“Today’s a historic day. The Baltic Pipe starts its gas transmission,” Poland’s state-run operator Gaz-System wrote in a tweet on Saturday.
"Today is a historic moment and a day we have anticipated for many years. Gas transmission via the Baltic Pipe pipeline started sharp at 6 o'clock,” Climate and Environment Minister Anna Moskwa tweeted on Saturday.
Although the pipeline was officially opened on Tuesday, scheduled technical gas flows on a commercial basis began on Saturday, with the start of the so-called gas year.
The Baltic Pipe is around 900 km long in total and is being built at a cost of at least 1.6 billion euro. Around 250 million of that total has been provided by the European Union.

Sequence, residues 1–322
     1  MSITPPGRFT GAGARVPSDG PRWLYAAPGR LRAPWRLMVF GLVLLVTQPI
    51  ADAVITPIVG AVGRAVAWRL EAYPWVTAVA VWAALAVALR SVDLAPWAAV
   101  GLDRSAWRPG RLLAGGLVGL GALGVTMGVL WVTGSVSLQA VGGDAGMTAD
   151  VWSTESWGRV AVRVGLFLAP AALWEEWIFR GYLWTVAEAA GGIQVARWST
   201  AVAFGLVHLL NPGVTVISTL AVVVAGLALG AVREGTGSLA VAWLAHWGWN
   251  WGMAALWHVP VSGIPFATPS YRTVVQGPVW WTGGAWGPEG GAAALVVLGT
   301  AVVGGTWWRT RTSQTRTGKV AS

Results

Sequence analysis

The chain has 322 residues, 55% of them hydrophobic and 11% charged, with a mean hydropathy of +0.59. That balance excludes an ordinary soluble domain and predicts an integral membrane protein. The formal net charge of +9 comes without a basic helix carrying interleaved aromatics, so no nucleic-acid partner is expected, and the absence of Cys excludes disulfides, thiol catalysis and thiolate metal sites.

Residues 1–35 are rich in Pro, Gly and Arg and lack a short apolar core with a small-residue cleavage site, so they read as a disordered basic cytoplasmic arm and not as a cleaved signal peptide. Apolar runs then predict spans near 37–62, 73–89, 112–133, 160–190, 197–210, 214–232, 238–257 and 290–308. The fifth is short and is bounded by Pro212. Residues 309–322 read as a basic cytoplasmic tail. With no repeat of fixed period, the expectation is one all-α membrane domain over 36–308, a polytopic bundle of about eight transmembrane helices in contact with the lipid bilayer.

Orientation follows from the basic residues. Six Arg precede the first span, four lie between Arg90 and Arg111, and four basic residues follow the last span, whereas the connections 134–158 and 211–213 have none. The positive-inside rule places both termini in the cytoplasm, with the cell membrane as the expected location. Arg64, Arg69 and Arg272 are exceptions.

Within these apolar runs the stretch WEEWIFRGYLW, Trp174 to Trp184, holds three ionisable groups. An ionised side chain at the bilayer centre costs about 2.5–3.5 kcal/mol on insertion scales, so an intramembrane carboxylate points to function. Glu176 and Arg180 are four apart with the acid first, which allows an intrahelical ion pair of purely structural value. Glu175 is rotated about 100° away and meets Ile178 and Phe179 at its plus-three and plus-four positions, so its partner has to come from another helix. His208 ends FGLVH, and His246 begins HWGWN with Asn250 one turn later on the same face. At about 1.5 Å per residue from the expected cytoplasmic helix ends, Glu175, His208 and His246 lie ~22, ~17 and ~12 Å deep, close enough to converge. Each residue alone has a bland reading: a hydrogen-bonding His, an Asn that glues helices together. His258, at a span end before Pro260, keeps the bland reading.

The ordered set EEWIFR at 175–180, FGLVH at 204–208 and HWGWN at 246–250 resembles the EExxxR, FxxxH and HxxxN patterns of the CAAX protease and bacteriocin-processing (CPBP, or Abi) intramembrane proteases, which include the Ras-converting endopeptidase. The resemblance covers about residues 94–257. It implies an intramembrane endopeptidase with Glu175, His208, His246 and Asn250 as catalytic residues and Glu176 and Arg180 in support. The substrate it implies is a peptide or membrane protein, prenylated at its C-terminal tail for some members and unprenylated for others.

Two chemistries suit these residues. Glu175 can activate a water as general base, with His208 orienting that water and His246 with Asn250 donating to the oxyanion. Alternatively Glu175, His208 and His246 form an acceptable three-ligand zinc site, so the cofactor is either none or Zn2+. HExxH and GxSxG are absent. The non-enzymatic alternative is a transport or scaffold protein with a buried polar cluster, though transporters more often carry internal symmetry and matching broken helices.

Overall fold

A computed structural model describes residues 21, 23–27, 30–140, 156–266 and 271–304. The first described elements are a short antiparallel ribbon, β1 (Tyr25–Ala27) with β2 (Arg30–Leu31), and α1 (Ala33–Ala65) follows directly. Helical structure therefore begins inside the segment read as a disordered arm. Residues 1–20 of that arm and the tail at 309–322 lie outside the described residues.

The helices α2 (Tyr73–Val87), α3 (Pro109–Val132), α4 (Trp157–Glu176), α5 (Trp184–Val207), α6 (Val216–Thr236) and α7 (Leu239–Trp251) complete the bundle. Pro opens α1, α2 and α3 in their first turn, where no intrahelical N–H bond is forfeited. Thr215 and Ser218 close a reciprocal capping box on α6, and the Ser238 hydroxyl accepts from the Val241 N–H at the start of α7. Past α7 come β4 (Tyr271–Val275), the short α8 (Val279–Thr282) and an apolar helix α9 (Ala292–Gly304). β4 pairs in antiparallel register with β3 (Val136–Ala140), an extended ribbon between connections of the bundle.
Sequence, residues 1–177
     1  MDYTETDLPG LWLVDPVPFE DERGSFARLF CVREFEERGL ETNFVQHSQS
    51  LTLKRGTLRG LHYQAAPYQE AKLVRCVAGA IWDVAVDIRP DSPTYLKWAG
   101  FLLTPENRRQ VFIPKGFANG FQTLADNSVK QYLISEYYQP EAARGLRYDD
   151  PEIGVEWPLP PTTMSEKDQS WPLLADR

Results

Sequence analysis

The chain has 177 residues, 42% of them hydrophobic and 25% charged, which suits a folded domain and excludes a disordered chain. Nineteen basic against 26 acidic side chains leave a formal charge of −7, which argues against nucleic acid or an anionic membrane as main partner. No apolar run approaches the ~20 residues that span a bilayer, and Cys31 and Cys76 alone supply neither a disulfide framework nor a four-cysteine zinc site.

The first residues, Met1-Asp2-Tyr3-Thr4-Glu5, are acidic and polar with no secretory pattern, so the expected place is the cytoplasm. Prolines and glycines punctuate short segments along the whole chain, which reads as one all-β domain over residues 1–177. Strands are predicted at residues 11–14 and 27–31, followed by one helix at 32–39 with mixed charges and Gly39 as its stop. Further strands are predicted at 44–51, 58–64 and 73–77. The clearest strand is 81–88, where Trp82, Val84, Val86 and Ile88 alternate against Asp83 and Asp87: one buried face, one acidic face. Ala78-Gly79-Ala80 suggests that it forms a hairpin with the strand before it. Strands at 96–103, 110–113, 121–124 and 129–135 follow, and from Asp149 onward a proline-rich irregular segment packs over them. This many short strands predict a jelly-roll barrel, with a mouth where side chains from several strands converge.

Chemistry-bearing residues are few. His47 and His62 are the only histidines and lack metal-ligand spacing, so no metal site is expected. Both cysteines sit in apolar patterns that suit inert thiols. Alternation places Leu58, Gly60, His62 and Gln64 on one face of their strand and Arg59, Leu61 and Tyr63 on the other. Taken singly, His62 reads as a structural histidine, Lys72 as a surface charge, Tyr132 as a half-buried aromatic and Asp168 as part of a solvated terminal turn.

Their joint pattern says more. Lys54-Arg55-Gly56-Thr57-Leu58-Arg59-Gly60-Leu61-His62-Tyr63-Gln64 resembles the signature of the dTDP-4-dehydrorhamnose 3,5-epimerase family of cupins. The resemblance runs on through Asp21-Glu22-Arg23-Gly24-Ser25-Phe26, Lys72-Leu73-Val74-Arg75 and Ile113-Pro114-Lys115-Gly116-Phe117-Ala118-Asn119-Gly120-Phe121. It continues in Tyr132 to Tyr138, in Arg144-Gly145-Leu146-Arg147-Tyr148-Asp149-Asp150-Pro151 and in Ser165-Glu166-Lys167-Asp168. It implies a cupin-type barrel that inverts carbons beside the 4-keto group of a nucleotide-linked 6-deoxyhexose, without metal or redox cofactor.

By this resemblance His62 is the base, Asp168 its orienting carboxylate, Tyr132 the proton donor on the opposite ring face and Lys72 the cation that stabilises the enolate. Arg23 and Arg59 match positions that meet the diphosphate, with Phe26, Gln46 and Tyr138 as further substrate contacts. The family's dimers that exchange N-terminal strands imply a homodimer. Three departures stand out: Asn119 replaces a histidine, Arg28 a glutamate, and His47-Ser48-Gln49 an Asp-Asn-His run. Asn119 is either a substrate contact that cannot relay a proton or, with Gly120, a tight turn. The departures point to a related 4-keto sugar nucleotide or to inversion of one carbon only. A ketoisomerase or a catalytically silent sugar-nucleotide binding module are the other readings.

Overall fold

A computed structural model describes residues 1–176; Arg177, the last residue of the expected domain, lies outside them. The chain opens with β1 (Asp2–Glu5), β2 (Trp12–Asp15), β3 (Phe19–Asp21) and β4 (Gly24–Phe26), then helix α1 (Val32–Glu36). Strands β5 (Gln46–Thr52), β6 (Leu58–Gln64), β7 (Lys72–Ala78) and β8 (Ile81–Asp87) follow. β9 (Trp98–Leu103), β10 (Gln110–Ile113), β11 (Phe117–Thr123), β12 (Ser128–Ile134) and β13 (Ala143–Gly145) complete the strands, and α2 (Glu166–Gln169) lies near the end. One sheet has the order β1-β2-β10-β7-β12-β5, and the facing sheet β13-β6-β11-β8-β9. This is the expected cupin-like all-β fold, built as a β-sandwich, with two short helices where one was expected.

Its construction officially began in 2020, but the whole idea dates back to the early 2000’s, when Poland’s and Denmark’s national oil and gas companies signed an agreement on construction of a pipeline and Danish gas supply to Poland.
Russia’s energy giant Gazprom in April suspended gas deliveries to Poland under a long-term contract after the country refused to pay in Russian roubles amid Moscow's invasion of Ukraine.
The Baltic Pipe will have the capacity to replace roughly 60 percent of Polish gas imports coming from Russia via the Gazprom-owned Yamal pipeline.